“We’re being affected by the global economy,” he said.

As the cost of raw materials and the cost to transport them has soared, so has the cost of construction.


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E.C. )

Seven More Days

We’ve come down to the last seven days.

In one week, you the voters of Guilford County will make your choices in the at-large School Board race (along with other races). Next week’s ballot is important, and obviously, national media is descending on North Carolina in anticipation of what the results are.

You already know what’s at stake. But next week can go one of two ways…we’ll either be victorious next week and will march into the Summer in a whole new School Board race, or it will be the end of the campaign. But it will never be the end of the campaign to take back our schools and engage in a communicative dialogue for better public education.

Now’s the time for you to be heard. Signs are still being stuck in the ground countywide. I’m still accepting donations in anticipation of a victory (or a second place showing) next Tuesday. I’m assembling a pool of who’s available to work a poll next Tuesday. I will participate in a forum this Thursday, May 1 at 6pm at the GSO Historical Museum downtown, sponsored by the Concerned Citizens of Northeast Greensboro. And schedule-permitting, I would like to possibly have one more virtual town-hall meeting prior to election day (stay tuned).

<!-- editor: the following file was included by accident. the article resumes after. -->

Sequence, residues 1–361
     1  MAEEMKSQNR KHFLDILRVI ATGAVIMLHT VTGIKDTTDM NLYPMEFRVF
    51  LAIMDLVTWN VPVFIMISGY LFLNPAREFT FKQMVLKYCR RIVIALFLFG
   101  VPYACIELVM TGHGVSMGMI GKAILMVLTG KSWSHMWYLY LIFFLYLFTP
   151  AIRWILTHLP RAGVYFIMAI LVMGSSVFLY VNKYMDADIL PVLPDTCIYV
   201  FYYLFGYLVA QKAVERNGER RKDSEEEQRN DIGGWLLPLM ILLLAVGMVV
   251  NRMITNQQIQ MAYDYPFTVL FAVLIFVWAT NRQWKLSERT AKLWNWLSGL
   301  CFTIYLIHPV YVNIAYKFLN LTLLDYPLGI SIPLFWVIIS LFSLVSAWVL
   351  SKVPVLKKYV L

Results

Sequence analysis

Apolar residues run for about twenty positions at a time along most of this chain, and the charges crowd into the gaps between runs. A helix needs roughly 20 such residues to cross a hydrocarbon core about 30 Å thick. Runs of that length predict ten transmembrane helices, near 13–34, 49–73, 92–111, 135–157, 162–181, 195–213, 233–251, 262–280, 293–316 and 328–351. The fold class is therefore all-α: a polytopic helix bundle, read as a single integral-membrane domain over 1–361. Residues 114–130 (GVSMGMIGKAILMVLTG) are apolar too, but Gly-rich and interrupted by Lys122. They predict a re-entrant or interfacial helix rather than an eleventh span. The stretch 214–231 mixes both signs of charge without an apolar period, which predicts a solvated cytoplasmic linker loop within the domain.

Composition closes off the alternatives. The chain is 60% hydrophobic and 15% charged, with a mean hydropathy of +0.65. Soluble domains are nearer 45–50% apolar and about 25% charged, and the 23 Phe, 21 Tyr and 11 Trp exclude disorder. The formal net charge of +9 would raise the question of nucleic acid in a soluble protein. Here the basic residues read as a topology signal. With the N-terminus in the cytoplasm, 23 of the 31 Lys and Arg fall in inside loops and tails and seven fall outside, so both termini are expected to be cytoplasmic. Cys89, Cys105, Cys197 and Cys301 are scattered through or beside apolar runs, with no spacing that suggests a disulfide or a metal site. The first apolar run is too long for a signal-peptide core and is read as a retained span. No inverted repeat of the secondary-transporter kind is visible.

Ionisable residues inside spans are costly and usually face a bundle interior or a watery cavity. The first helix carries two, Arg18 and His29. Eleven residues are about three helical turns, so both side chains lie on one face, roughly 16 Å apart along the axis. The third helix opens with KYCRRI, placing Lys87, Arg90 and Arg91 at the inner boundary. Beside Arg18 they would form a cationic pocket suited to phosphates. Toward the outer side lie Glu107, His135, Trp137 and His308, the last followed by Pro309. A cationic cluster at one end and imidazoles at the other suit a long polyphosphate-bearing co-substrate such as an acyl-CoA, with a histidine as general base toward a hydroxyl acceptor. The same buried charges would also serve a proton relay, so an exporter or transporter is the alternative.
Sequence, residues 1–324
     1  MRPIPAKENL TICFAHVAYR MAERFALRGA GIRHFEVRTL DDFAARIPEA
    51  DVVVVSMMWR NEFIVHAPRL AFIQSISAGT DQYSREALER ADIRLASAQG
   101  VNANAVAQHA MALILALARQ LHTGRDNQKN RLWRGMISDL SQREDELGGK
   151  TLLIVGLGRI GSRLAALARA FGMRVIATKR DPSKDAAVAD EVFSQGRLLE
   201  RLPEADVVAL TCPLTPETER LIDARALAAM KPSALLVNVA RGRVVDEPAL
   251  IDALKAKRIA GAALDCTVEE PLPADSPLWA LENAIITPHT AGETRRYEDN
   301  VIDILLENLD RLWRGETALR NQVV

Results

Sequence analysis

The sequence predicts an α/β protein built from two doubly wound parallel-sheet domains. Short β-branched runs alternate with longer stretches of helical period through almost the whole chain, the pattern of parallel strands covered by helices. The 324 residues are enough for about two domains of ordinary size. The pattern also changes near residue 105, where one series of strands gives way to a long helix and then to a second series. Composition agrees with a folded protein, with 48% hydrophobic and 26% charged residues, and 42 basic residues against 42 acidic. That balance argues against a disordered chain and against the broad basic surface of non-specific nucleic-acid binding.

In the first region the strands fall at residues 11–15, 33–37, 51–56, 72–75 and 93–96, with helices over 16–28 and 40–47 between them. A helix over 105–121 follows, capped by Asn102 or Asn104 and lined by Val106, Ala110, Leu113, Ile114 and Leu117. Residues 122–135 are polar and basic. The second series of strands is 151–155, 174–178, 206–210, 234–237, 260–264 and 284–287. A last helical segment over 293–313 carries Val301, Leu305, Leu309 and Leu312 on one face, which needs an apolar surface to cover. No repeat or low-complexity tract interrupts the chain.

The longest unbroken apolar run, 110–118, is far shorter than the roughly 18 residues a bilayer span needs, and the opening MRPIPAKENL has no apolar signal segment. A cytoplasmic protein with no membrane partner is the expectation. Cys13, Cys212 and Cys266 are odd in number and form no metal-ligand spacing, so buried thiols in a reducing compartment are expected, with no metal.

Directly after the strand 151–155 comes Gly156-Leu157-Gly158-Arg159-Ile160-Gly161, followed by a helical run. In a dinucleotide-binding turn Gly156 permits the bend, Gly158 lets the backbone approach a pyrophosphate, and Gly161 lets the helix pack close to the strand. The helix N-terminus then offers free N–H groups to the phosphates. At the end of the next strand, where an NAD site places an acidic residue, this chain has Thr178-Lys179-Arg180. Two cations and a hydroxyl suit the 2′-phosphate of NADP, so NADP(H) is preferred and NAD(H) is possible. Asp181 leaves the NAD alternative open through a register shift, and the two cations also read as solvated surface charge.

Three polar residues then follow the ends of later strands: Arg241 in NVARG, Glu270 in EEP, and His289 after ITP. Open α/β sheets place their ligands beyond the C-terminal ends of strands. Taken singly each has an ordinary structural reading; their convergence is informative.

And election night…I haven’t yet made plans…stay tuned as well.

It’s been one heck of a campaign, and I’ve enjoyed every minute of it. But it’s not over yet! We have seven more days to get our progressive message of change in our schools-hope for our children-putting our children first across to every segment of Guilford County. I hope I can count on you for that support. It is needed. Thank you to all of you who are in support of this effort. Whether you’ve been on board since 2006 or have jumped on board recently, all of us share a common vision…to reform our schools, to put our children first and to restore hope in our system. It can be done. It WILL be done. And it all starts with your vote next Tuesday.

More importantly, it starts with you punching Erik “E.C.” Huey on your ballot.

Thank you again.

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E.C. )

Not-a-fan Mail

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This earlier in the month, via a response to a March posting on Greensboro Politics:

V Martin on April 5th, 2008 6:53 pm